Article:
Creative Ways to Build a Culture of Savings

Creative Ways to Build a Culture of Savings

By Alice Bredin

Most businesses would like a larger cash reserve to show for their hard work. Selling more products or services might seem like the most obvious path to increasing profits, but cutting down on expenses can often be the quicker, simpler route.

If everyone in your company learns to economize in the right places, your business will keep far more of your hard-earned revenue.

Read these tips for some creative ways to build a culture of savings into your company.

Use free services
Cut your cash outflow dramatically by making “free” your go-to first step for all services. Even big businesses use FreeConferenceCall.com, Skype, Google Hangouts and the like to coordinate meetings. Apps are also a good source of support and many have free versions. For example, SocialOomph.com manages and tracks social media and EasilyDo is a time-saving app with a free version that helps organize emails. Try free apps for a time; if need be, you can eventually upgrade to fee-based versions with more options.

Teach thrift
To spread savings across your company, encourage your team to adopt money-saving habits. Discuss the importance of savings to the bottom line, and model good habits by planning ahead and searching for deals. Make it company policy to pay early to get discounts, grab “early-bird” discounts for a must-attend conference and investigate prepay programs for rental cars. Ask your biggest vendors to give you a cut rate if you send a lot of business their way — and remind your team that discounts are available on almost everything. For example, most people assume shipping rates are fixed, so they don’t negotiate for the best rate. If shipping is a big expense for your company, consider asking your shipper how they can do better. Review your shipping habits to identify your greatest needs; that way, you ensure that you get a good deal on what matters most to you.

Improve your collections process
When payments are slow to come in, time spent chasing payments and resubmitting invoices can quickly add up. Slow collections can also force your business to tap interest-bearing sources of capital to cover expenses while you await payment.

A solid collections program ensures that your company will receive payments quickly and with a minimum of effort and expense. Shore up your process by asking all new customers to specify details of their approved billing procedures. This will include the details required on invoices, preferred form of submission (paper, email or other) and follow-up procedures if a payment is slow. Use an app or program to track billing details. Follow up quickly to resolve issues on any late payment.

Take easy steps to save energy
You are likely aware of basic energy-saving measures, such as turning off lights and shutting down computers at night. But most businesses are missing a lot of other easy opportunities to save on energy costs. For example, did you know that laptops consume 90% less energy than desktop PCs? Take some small steps to access big savings: installing motion detectors to control lighting in frequently unoccupied areas, such as restrooms; installing blinds or solar screen shades; and using reflective window film or awnings on all south-facing windows.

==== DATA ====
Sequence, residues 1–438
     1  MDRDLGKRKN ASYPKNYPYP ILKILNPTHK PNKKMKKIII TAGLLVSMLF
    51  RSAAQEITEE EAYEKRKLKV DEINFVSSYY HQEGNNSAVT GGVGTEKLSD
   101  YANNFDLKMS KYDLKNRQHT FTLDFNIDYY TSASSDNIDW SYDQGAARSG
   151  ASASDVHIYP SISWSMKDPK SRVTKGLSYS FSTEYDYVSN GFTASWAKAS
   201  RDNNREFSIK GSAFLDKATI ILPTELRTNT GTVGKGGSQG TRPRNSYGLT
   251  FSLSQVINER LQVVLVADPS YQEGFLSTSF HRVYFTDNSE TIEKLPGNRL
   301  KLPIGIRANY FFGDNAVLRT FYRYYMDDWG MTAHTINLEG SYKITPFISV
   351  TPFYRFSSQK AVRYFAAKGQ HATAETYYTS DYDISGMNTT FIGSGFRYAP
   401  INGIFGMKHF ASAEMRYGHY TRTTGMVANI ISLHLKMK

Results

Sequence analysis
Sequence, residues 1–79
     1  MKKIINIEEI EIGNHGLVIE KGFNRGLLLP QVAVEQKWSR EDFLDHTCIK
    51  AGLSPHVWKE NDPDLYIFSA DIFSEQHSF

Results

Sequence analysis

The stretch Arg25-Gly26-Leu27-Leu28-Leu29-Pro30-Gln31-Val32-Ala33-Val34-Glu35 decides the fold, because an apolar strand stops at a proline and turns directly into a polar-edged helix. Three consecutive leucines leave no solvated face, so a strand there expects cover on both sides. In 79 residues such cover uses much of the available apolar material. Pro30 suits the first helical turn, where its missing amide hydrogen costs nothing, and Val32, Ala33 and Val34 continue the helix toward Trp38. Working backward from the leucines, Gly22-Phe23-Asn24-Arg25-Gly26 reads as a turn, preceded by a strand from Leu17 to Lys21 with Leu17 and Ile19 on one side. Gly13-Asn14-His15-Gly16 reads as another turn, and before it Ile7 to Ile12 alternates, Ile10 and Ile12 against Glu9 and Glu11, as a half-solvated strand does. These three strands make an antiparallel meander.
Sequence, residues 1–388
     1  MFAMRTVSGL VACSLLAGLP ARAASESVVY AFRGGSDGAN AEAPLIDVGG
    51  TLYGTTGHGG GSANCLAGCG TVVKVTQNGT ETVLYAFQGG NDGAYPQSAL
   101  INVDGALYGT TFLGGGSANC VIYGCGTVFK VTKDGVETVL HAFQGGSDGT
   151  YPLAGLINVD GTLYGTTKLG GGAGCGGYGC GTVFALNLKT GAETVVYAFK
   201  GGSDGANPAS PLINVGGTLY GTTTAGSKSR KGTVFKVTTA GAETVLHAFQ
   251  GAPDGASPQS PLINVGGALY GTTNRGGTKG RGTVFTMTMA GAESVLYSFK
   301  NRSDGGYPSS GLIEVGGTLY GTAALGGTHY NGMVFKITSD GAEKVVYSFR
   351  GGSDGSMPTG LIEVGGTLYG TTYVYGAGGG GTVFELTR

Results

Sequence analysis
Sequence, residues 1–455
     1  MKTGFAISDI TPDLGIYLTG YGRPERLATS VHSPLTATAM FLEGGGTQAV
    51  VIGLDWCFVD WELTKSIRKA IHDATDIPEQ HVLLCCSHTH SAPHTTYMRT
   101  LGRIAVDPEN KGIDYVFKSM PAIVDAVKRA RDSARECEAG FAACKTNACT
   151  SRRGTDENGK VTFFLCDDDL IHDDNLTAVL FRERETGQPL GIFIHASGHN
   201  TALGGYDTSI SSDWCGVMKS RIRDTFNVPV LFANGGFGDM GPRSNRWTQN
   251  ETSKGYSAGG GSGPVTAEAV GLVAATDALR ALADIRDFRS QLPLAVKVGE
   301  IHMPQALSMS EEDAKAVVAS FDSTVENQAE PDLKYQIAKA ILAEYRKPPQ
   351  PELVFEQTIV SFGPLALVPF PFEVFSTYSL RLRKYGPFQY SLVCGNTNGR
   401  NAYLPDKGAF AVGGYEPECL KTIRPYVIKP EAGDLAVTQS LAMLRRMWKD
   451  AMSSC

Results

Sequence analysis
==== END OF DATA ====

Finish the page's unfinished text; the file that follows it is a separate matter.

To reap the greatest savings, do an online self-assessment with PG&E's Business Energy Checkup tool. It will compare your energy use to that of similar companies, make customized recommendations on how to lower your costs and give you information on products that offer financial incentives to implement energy savings.

“Hire” an intern
One of the biggest money drains on a small business is hiring an underworked employee. Instead of adding staff, check out internship programs at local colleges. Is there a business student who would swoon for the kind of real-world experience you can offer? Good projects for an intern have a set beginning and end date that maps to the intern’s availability. Interns also thrive when they can build on work already in place, as opposed to creating something from the ground up. For example, if you need to build up your sales database, an intern could search the web for qualified leads based on a framework you already created. Be sure to vary an intern’s tasks for best results.

Track industry-specific savings
Keep in touch with your industry associations to learn about savings on everything from health insurance to hiring. The best associations are always adding new discounts and advice on managing expenses. To find industry-specific advice for saving on energy costs, look at PG&E’s website. It explains how biotech firms can save money with fume hood settings and air delivery systems, for example, or how companies with refrigeration equipment can save by using night covers on display cases. For retailers looking to manage lighting expenses, the site has tips for cutting costs dramatically.

Looking to learn more about how to create a culture of savings? Turn your gaze to your energy usage and explore the benefits of becoming energy efficiency by downloading PG&E's "25 Money-Saving Tips for Businesses" eBook.


Check out this article for simple money-saving tips.
  • SMB Blog Author
    Alice Bredin
    Alice Bredin is an internationally renowned small business expert and author. Small business owners worldwide have relied on her books and columns to improve their productivity and success. She is a former small business commentator for public radio's Marketplace program and has helped shape small business policies through her testimony to the Senate Committee on Small Business & Entrepreneurship. Alice is president of Bredin, Inc., a B2B marketing agency that helps the Fortune 500 sell to small and midsize businesses.
 

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